Having discovered the ultimate truth (Abhidhamma) at the deepest level, Buddha teaches this natural law to help people understand reality to end their misery through Satipatthana. Sati means awareness, the witnessing of every reality pertaining to mind and matter within the framework of the body. Patthana means getting established in a proper way and only with proper understanding and wisdom. Establishing awareness through Satiphatthana can purify the mind from defilements so as to achieve lasting peace and happiness. In this course, I learned real understanding, clear and free from any doubt or skepticism, comes with my own experiences by practicing Vipassana. I directly experienced the three characteristics of all phenomenon: anicca (impermanence), dukka (suffering), and anatta (selflessness, no “I”) within myself. Manifesting in the mind and body, the experience of anicca, arising and passing away, plays a crucial role. Every moment, there must be awareness of sensation of arising and passing away. Reaction is full of negativity. What ever happens pleasant sensations (sukka vedana), unpleasant sensations (dukka vedana), pleasant mental feeling (somanassa vedana), unpleasant mental feeling and neither pleasant nor pleasant sensations (adukkahamasukha vedana), I observed the reality of sensations inside and remains equanimous based on the experience impermanence (anicca), then all the decisions and actions will be healthy-not reaction, but positive action, good for me and good for others. I learned this wonderful technique to free myself from suffering. As I practice, I understand more and more what Buddha meant. “Liberation can only be gained by practice, never by mere discussion” S.N. Goenka.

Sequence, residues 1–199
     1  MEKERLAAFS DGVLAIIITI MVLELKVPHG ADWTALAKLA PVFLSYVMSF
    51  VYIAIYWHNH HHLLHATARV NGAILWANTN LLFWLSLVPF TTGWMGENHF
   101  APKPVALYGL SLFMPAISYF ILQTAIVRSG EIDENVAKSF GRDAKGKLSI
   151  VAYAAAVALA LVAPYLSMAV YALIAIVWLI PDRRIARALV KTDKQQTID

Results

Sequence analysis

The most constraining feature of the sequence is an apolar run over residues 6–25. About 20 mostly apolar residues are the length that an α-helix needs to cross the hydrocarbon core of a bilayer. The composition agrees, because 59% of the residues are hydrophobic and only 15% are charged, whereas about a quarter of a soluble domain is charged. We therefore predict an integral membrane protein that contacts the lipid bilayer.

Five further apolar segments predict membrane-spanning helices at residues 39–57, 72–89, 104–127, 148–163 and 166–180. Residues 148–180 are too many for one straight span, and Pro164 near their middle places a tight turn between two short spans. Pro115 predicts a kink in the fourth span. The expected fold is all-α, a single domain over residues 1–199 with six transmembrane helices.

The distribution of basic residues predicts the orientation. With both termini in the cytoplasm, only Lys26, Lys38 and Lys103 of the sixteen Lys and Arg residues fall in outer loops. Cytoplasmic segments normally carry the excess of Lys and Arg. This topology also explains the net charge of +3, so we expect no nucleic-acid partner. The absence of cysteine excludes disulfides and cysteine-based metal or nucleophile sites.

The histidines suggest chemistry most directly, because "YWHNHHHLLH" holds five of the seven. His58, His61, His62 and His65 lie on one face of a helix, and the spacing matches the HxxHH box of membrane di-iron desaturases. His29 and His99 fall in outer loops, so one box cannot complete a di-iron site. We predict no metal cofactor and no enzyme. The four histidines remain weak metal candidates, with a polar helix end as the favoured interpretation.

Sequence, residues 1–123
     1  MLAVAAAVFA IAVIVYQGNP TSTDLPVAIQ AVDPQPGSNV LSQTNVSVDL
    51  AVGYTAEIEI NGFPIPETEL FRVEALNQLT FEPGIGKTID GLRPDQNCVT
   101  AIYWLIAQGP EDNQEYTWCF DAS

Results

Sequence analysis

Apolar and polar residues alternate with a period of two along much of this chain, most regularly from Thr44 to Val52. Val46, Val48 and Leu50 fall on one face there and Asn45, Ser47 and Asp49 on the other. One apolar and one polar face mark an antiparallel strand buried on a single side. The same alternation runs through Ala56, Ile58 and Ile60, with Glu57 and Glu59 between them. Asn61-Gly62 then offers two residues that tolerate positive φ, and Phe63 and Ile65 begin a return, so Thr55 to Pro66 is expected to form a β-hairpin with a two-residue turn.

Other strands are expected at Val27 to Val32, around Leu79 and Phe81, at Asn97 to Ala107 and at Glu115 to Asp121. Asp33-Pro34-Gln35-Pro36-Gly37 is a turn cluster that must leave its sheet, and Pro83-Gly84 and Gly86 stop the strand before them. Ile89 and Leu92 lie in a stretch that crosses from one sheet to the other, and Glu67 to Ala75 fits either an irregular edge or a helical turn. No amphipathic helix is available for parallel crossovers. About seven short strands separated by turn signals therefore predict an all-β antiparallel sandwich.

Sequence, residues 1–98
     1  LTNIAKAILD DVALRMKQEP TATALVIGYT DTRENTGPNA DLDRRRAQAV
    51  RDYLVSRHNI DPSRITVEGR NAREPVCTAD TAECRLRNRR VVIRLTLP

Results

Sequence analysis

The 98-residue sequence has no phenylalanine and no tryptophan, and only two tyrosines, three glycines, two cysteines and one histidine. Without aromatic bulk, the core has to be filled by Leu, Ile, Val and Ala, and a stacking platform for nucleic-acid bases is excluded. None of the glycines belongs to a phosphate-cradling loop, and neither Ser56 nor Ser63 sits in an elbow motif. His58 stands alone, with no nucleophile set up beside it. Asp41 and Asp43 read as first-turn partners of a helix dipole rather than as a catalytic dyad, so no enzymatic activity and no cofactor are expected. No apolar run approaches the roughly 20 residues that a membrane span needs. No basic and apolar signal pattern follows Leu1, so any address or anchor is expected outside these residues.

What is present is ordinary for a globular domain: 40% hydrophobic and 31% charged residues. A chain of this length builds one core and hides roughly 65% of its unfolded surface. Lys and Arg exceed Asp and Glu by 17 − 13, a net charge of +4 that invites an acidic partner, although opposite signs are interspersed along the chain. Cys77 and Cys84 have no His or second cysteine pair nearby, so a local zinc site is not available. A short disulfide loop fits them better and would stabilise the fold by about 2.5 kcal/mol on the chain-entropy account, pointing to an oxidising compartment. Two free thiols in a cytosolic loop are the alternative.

I am most grateful for my respectful father for introducing Vipassana, the authentic practice teaching of Buddha to Cambodia in the early 1993. I finally want to thank my Dhamma teacher Jugen Stowassser, and all the Dhamma students and workers for the wonderful experience. May all beings be liberated and be happy.

Personal Reflection of Cambodia

“If you knew what I know about the power of giving, you are not let one will pass by without sharing it in some ways” Buddha.

Life is calling. Cambodia is calling. Being back home makes me think in a different perspective. I feel as an outsider stepping into and insider stepping out of the same country I go back to. I look forward to contribute to the educational wealth of my beloved country through learning and teaching. I am at the generativity stage, the stage of my life where my primary goal is to help developing the younger generation lead useful lives for the benefit of human kind. I internally mobilize my strengths to do what I can to transpire hope and faith for the future. I want to make a lasting contribution to educate impartially all the children I encounter. I feel my work just began.